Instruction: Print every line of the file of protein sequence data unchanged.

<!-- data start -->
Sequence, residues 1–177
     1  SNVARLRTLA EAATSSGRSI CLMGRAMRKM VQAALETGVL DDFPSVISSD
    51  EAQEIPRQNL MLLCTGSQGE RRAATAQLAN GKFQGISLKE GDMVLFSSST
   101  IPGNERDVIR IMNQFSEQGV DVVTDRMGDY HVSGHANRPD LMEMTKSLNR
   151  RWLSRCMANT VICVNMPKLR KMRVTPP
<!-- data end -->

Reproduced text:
Sequence, residues 1–177
     1  SNVARLRTLA EAATSSGRSI CLMGRAMRKM VQAALETGVL DDFPSVISSD
    51  EAQEIPRQNL MLLCTGSQGE RRAATAQLAN GKFQGISLKE GDMVLFSSST
   101  IPGNERDVIR IMNQFSEQGV DVVTDRMGDY HVSGHANRPD LMEMTKSLNR
   151  RWLSRCMANT VICVNMPKLR KMRVTPP